South Africa is a land of incredible natural beauty, with more than three million ha set aside for conservation. From the enormous, world-renowned, game-rich Kruger National Park to the tiny, botanically diverse Mkambati Nature Reserve in the Eastern Cape, the landscape offers a wealth of natural experiences.
Most of South Africa is situated on a high central plateau with narrow coastal plains extending from the escarpment to the sea. On the east coast of the Indian Ocean, the southward-flowing warm Mozambique Current brings dependable rain to the coastal plains.
As a result, South Africa has lush forests and bushveld on the east coast and along the escarpment. Once on the central plateau, the rainfall decreases steadily towards the west until, on the west coast, South Africa has semi-desert conditions.
The Atlantic Ocean on this coast is cooled by the Benguela Current, which flows northwards from the Antarctic and so does not bring much rain. But it is one of the richest sources of fishing in the world.
Right in the southwest corner of the country, the Western Cape is somewhat anomalous. Rainfall here is in winter and is brought by huge cyclonic weather systems. The summers are warm and dry and, generally the whole floral and faunal assemblage is unique.
The southwestern part of the Western Cape consists of the Cape Floral Kingdom - or as South Africans colloquially call it - fynbos, which literally means ‘fine bush’ for its small leaves and flowers. Further north and east is the Karoo semi-desert and, to the northwest, the arid but beautiful Namaqualand. Along the east coast are pockets of coastal forest.
The escarpment consists mostly of Afro-montane grassland, with some pockets of Afro-montane forest. The broad central highveld consists of mostly open grassland and the lowveld consists of broad-leaved open canopy woodland with large areas of grass. The far northwest of the country is desert.
With the enormous diversity of vegetation zones and types, South Africa has the third highest biodiversity in the world after Brazil and Indonesia. South Africans are proud of conservation management and want to share it with visitors. South Africa is the best place in the world to watch big game.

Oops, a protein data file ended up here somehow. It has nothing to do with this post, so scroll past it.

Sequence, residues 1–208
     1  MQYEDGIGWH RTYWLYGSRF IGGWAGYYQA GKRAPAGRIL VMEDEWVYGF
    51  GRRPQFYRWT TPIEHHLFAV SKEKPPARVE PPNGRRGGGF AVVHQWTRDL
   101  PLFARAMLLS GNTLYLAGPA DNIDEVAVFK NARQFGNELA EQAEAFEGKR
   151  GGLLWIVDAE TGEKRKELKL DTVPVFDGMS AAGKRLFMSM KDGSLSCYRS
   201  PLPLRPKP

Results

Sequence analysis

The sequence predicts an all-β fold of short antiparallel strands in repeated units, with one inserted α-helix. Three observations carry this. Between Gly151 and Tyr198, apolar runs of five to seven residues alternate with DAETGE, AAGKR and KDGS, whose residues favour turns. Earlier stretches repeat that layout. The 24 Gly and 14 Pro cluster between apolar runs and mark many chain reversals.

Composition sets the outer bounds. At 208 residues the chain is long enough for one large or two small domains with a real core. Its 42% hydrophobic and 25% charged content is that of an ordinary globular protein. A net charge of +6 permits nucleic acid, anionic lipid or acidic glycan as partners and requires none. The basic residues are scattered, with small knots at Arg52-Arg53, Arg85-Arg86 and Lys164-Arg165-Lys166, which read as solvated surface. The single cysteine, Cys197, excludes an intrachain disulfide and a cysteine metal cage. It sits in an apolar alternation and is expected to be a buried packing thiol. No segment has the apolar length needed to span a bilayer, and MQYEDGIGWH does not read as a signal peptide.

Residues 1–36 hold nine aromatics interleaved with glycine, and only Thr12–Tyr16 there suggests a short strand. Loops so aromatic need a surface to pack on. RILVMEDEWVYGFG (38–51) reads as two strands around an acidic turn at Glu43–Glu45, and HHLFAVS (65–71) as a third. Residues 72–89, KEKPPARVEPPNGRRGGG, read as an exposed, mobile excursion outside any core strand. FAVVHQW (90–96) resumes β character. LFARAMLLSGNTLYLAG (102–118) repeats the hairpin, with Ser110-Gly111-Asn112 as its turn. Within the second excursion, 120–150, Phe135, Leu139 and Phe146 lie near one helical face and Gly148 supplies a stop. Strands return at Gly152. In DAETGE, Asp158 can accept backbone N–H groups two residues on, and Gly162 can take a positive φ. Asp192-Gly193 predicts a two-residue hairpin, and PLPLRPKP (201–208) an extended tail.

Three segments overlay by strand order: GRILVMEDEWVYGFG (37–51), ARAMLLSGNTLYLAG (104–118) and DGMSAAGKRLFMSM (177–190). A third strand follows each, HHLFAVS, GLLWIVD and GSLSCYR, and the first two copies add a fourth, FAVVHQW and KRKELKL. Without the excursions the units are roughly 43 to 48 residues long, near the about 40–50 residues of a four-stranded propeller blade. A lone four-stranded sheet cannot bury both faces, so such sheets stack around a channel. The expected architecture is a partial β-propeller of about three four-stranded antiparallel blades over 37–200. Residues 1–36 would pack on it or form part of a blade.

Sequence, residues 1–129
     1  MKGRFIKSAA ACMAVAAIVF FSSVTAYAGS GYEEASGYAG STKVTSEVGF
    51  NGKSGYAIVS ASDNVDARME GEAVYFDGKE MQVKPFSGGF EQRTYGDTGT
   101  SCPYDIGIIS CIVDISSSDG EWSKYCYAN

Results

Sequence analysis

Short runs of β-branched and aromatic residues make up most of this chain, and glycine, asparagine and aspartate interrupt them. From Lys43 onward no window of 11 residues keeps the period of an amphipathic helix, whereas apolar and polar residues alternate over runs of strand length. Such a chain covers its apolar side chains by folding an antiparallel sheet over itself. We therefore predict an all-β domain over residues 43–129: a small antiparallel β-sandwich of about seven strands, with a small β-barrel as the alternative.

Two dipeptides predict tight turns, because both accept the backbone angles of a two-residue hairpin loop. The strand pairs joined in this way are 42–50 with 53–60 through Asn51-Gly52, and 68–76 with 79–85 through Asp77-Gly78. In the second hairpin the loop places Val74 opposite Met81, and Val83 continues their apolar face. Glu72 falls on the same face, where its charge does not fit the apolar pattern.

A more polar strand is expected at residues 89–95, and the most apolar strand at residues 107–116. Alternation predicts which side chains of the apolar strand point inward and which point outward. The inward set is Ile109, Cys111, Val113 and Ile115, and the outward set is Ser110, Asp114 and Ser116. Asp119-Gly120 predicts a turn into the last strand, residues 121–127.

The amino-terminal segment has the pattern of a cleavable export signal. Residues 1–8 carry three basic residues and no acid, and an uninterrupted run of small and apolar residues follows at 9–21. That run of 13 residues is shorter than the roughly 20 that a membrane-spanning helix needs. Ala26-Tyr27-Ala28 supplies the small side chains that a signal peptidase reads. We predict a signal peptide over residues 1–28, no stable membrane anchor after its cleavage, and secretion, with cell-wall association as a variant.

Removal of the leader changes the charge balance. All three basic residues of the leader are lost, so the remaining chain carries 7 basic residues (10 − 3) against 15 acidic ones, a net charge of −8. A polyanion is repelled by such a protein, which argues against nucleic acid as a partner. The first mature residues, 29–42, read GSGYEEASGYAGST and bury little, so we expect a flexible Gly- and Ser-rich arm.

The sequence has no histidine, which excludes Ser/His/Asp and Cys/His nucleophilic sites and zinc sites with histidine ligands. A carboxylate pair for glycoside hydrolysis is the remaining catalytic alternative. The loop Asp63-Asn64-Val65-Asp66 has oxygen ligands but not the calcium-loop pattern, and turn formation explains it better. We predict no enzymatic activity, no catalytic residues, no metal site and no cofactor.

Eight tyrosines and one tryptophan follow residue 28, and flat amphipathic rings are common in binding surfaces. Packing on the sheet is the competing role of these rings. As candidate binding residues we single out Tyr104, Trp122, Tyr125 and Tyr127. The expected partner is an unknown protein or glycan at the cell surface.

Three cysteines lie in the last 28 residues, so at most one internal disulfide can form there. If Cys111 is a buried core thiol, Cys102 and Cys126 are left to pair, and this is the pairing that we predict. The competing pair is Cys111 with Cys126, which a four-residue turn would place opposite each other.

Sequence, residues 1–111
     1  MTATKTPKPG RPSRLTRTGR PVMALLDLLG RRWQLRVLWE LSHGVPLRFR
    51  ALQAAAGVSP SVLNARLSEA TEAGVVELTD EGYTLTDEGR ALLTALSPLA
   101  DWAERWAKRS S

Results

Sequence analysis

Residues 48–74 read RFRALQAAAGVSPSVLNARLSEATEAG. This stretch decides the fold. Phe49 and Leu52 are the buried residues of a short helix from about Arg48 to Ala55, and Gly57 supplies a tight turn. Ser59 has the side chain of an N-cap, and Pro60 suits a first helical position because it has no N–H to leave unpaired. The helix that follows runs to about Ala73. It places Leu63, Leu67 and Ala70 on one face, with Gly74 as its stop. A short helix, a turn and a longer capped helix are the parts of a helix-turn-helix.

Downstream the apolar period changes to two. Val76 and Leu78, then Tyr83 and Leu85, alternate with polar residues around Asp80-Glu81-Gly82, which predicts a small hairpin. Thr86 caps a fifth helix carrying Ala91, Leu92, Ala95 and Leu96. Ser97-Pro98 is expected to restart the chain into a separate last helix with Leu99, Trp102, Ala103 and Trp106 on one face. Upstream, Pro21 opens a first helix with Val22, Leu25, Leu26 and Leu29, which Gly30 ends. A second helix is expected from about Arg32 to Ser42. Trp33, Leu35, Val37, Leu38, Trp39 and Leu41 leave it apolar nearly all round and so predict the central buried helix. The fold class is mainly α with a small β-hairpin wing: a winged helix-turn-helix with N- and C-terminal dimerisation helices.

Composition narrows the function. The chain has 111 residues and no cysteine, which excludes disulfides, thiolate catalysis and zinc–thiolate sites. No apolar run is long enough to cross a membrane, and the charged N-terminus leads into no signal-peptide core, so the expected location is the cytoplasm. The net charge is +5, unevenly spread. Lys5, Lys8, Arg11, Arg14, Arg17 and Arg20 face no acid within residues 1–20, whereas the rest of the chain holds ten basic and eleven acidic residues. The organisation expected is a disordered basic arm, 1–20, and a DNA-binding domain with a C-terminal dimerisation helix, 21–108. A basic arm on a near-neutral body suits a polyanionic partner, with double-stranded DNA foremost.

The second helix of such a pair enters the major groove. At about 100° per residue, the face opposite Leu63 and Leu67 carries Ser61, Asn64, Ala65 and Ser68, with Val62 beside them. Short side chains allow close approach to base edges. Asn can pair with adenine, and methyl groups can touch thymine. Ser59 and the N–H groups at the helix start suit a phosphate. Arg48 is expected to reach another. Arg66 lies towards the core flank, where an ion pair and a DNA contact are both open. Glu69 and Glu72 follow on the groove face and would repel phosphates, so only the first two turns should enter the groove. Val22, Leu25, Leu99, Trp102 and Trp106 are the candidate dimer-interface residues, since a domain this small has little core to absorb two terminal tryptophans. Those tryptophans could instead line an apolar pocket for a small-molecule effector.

Unlike many other countries, where elephant herds are dwindling and rhinos are practically extinct, South Africa has extremely healthy populations of these and most of the other animals you would expect to see on safari in Africa. The country also has over 900 species of birds, many of which are found in the national parks.
South Africa has over 3 000 km of coastline and an enormous range of sea life. Avid divers can travel up the coast in about two weeks and dive in a wide range of marine environments, seeing a totally different faunal and floral assemblage in each spot.
And if you would prefer to stay on the surface, you can still see an incredible array of marine life. South Africa is undoubtedly one of the most fantastic marine mammal watching destinations in the world.
You can spot Cape fur seals on a short boat trip from most of the major seaside towns in the Western Cape and Garden Route, and enormous pods of bottlenose dolphins regularly swim up and down the coast.
The beautiful and unusual dusky dolphin is quite common near Cape Town. Common dolphins are quite common, and humpback dolphins are seen quite often from Plettenberg Bay north and east to Maputaland.
Southern right whales are a familiar sight in many places off the Cape coast between June and November, and humpback whales are often spotted between August and December. Brydes whales are regularly spotted and orcas are also seen occasionally.